My Books

Saturday, June 11, 2011

A Child's Grief

It's been a sad week. A lady in my church was killed by her husband. He is now in jail. She was a devoted grandma who sometimes brought her 6th grade granddaughter to church. Being the children's minister at my church, I wanted to reach out to this child in her grief, but wasn't quite sure what was appropriate given the circumstances and the fact that I didnt' know her mother well.

I called her mom to say I was praying for them and that I was hoping to touch base with her daughter. When the girl came to the phone, here's how our conversation went.

Me: I wanted to tell you how sorry I was to hear about your grandma and to see how you're doing.
Her: I'm doing OK. I'm just playing the Wii.
Me: I hope I didn't mess up your win. *smile*
Her: You didn't.
Me: If you ever need anyone to talk to or anything I'm here for you. You know I love you, right?
Her: Yeah. I already wrote you a letter. We mailed it today.
Me: Great. I'll watch for it to come. I'll let you get back to your game, but let me know if you need anything, OK?
Her: OK.

It was short and sweet. Nothing terribly special or profound. But it told her I cared and that she wasn't alone in this difficult time.

Her letter arrived today. It expressed her disappointment at not being able to go to church camp (her grandma died the day it was to  begin) and her fear that she might have to miss VBS also. She said she and her mom broke into tears when they heard the news about her grandma. But she wisely said, "My mom and I just need to stick together in this."

There's nothing I can do other than show her I care. Children grieve differently than adults, but they definitely grieve. Allowing them to do it in whatever way they need to is the best thing we can do for them. If they want to continue their regular activities, let them. If they need to pull back for a while, that's OK. Listen to them and respect their feelings, just as we hope people will respect ours in times of grief.

Have you ever had to comfort a grieving child? What did you do? What do you wish you'd done differently? Maybe you were once a grieving child yourself. What memories do you have of that time? What helped and what didn't? Let's talk about children and grief. Maybe our collective insights will help us be more effective in helping the children we love.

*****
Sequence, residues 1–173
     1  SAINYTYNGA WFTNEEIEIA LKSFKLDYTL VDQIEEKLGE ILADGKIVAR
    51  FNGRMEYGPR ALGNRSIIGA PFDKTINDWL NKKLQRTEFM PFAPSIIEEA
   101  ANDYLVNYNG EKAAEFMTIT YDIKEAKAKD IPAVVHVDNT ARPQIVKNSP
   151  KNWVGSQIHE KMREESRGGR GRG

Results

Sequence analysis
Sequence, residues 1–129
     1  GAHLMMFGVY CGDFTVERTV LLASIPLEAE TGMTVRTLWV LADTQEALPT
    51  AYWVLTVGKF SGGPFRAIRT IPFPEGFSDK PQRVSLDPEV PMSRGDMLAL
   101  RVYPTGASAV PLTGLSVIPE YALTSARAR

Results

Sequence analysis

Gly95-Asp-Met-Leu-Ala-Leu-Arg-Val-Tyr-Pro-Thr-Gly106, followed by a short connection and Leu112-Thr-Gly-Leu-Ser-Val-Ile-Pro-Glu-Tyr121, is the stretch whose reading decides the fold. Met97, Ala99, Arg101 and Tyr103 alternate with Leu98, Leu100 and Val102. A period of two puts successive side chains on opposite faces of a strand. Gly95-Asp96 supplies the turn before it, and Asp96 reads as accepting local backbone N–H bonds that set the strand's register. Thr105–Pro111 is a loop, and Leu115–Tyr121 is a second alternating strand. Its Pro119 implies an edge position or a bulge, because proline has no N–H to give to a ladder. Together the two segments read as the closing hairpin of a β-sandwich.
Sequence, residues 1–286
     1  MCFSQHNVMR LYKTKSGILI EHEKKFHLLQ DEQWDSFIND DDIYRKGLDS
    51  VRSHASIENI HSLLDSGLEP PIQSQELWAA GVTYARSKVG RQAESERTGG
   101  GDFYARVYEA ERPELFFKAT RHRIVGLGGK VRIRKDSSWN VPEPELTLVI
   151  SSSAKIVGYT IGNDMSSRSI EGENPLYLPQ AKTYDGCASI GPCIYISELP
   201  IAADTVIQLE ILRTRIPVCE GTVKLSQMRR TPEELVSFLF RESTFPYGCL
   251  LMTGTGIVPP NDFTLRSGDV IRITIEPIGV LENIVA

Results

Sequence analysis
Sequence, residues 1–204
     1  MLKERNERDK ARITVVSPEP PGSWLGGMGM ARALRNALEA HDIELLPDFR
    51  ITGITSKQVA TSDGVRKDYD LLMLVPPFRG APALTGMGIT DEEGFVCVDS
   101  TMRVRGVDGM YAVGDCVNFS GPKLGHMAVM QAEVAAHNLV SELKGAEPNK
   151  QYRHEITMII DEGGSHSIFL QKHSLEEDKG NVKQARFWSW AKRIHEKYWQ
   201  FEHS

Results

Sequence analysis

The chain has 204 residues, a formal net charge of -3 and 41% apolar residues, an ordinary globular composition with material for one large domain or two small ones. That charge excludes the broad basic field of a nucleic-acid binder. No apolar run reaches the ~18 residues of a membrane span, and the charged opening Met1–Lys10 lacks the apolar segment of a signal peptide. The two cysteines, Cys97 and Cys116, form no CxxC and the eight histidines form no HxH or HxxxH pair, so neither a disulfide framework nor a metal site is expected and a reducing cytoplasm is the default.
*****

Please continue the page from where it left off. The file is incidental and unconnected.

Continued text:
Friday, June 10, 2011

Traveling with Kids

I remember it well--my sister and I trying to go down the skinny little airplane aisle each carrying a baby,  diaper bags and purses. Our bags hopelessly caught on every row of seats we tried to pass. We laughed hysterically. I wouldn't have been surprised to see people looking for the emergency exits.

But what else could we do? With an infant and a toddler, we needed all that stuff. I needed toys to entertain my two-year-old for the next three hours in a tiny, confined space and of course she'd need some snacks. My sister needed bottles and diapers for her baby.

Then there have been the road trips on which my family has gone. We love road trips even though the car turns into a traveling dump. But the fun we have and the memories we make are worth every spill and mess. I think the most important thing to do when traveling with kids is to go prepared for anything. Take along more entertainment options than you think you'll need. I always got new coloring and activity books and a few new (inexpensive) toys or games for the trip. I didn't bring any of the new stuff out until they got totally bored with the old stuff. And take fun snacks along. Kids are always hungry! Have you tried listening to audio books? I haven't yet, but I hear they can be lifesavers on long trips.

Since it's summer vacation time, let's share vacationing tips. Do you prefer road trips or flying with your family? What things do you do or take to entertain your kiddos? What's the ideal length of vacation for your family? What fabulous family-friendly vacation spots have you found? Happy vacationing!